Used 2007 Buick Rendezvous SUV Review
The early advertisements for the Buick Rendezvous showed an SUV, a luxury car and a minivan driving into a gloomy castle. After a bolt of lightning strikes the castle, the Rendezvous emerges, the gist of it being that Buick had combined the best aspects of those three vehicles in its crossover offering.
Although clever, that commercial was prone to exaggeration. Although the 2007 Buick Rendezvous presents itself like a tall luxury wagon, its performance can't match more powerful rivals, and close inspection reveals several instances of lesser-quality materials. The roomy cabin, with seating for up to seven, does make it a capable people mover, like a minivan. But real minivans still have an advantage in third-row seat comfort and space efficiency. Even light-duty off-roading had proven to be a problem for the Rendezvous in past road tests, and with the AWD (all-wheel drive) option dropped this year, this Buick wouldn't be our first pick for those needing a winter-friendly crossover vehicle. Strongly in its favor, however, is the Rendezvous' relative frugality with fuel -- we've averaged 21 mpg in our road tests compared to 18 mpg in the eight-passenger Honda Pilot, one of the Buick's chief competitors.
With its comfortable seating, sound ergonomics, generous storage and admirable fuel efficiency, the Rendezvous is a decent choice for a family vehicle. And of course there is the purchase price, which is thousands less than comparably equipped competitors with seven-passenger seating. If you can accept its shortcomings, the 2007 Buick Rendezvous may provide the combination of utility, comfort and affordability you're looking for in a family crossover vehicle, though we would recommend that you explore the many other alternatives in this segment before making a decision.
performance & mpg
The only engine available in the Rendezvous is a 3.5-liter V6. Output is respectable at 201 horsepower and 216 pound-feet of torque, though still quite a bit less than most rivals that offer 40 or more horsepower. A four-speed automatic is the only transmission available. Front-wheel drive is standard, and all-wheel drive is not available. Performance is surprisingly peppy around town, as the well-matched and intelligent automatic gearbox makes the most of the engine's power. Still, passing and merging power at higher speeds lags behind the Rendezvous' stronger competition. EPA fuel economy estimates are a respectable 19 mpg city/26 mpg highway.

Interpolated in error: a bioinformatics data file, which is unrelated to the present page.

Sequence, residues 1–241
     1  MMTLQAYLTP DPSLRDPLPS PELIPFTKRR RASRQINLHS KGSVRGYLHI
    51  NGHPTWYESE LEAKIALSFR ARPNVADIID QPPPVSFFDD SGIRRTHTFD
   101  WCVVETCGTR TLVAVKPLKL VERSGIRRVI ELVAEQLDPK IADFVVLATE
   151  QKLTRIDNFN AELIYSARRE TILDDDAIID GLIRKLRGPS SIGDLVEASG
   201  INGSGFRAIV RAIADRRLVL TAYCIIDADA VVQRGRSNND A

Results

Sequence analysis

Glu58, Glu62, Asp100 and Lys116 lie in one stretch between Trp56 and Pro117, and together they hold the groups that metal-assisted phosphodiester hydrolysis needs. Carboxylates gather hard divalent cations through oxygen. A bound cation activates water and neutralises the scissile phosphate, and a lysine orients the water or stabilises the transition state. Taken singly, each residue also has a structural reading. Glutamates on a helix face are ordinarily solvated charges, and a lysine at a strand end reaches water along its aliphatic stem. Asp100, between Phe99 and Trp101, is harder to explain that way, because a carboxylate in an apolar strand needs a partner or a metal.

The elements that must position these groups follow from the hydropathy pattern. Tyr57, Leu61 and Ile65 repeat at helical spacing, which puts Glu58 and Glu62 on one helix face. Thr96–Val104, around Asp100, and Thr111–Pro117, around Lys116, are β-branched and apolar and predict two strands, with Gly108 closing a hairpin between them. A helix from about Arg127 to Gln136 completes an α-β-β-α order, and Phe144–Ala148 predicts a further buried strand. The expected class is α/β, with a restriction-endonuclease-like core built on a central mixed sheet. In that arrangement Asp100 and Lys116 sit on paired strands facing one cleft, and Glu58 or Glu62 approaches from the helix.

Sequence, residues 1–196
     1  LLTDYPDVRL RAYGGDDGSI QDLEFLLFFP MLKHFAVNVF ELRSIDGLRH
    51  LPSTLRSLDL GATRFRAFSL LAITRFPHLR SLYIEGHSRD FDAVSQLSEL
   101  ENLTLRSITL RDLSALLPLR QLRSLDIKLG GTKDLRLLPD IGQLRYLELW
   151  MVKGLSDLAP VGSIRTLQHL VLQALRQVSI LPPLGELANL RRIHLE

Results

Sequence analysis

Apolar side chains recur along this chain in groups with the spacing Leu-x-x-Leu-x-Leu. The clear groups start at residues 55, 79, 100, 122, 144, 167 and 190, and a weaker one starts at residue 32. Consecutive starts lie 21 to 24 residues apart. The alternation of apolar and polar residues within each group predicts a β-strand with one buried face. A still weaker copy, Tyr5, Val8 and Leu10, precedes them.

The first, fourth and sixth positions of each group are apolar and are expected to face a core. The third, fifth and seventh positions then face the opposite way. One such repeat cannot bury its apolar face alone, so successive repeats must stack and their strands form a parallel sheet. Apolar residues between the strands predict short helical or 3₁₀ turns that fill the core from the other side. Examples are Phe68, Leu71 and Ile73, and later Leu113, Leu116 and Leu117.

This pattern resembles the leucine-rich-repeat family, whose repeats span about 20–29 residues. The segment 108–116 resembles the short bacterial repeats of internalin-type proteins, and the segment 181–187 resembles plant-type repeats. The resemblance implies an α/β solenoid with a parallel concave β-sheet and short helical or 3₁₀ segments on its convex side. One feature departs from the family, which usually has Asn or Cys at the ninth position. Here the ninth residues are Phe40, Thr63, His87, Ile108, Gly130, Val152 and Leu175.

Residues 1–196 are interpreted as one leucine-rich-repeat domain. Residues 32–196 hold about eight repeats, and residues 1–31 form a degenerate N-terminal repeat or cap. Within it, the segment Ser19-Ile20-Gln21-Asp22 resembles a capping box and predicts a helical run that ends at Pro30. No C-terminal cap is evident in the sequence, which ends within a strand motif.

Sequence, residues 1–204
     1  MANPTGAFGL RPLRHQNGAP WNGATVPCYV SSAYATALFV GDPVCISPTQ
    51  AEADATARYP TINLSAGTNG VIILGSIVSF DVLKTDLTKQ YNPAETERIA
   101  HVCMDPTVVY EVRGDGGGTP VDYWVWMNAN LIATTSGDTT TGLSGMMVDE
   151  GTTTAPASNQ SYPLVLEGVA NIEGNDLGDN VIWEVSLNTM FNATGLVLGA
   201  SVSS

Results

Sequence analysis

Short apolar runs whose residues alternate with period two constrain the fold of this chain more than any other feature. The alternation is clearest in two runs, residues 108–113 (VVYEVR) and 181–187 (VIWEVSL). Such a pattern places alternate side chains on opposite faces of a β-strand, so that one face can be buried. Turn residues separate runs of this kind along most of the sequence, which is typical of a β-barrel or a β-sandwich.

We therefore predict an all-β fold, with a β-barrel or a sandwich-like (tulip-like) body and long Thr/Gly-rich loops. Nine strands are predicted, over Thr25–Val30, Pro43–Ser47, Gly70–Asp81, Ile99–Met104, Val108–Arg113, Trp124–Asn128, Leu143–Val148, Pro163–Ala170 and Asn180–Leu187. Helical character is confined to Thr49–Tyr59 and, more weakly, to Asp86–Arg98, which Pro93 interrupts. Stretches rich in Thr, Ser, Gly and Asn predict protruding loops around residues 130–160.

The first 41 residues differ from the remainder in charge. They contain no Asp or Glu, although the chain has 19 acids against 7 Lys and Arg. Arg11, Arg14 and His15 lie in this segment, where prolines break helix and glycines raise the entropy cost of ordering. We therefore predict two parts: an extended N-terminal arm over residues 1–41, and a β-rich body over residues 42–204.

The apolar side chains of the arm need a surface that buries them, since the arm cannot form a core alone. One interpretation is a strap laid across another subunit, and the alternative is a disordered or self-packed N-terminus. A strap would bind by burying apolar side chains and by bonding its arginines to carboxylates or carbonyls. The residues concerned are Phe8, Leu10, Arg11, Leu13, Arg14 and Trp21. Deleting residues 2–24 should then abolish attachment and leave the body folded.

Antilock brakes are standard on the CX, but other safety features, such as traction control and front side airbags are optional. They're standard on the CXL. Stability control is not available on either Rendezvous. In NHTSA crash tests, the Buick Rendezvous scored three and four stars (out of five) in frontal-impact testing, and a perfect five-star rating in side-impact crash tests (though the driver's door swung open when unlocked during this test.) During frontal offset crash testing by the IIHS, the Rendezvous scored an "Acceptable" rating (the second highest on a scale of four).
Highway cruising yields a comfortable ride quality without the typical "float" associated with some Buick sedans. Push the Rendezvous a little bit harder, however, and the physics of its tall, narrow body take over, resulting in considerably more body roll in corners. Placed in a similar situation, newer competitors feel more athletic and stable. The Buick's steering is also on the slow side and offers minimal feedback. Going off road, especially now that AWD is no longer an option, is not recommended as the Rendezvous' soft suspension calibrations have it crashing over and through even moderate bumps and ruts.
A variety of wood-tone and metallic accents lend an upscale ambiance to the roomy Rendezvous cabin. The quality of the interior materials is better than most GM products, though there are still cheap plastics here and there. Space for passengers in the first two rows is generous, but the third-row seat is best left to children. Cargo capacity is more than ample at 109 cubic feet, while towing capacity stands at 3,500 pounds.
edmunds expert review process
This review was written by a member of Edmunds' editorial team of expert car reviewers. Our team drives every car you can buy. We put the vehicles through rigorous testing, evaluating how they drive and comparing them in detail to their competitors.
We're also regular people like you, so we pay attention to all the different ways people use their cars every day. We want to know if there's enough room for our families and our weekend gear and whether or not our favorite drink fits in the cupholder. Our editors want to help you make the best decision on a car that fits your life.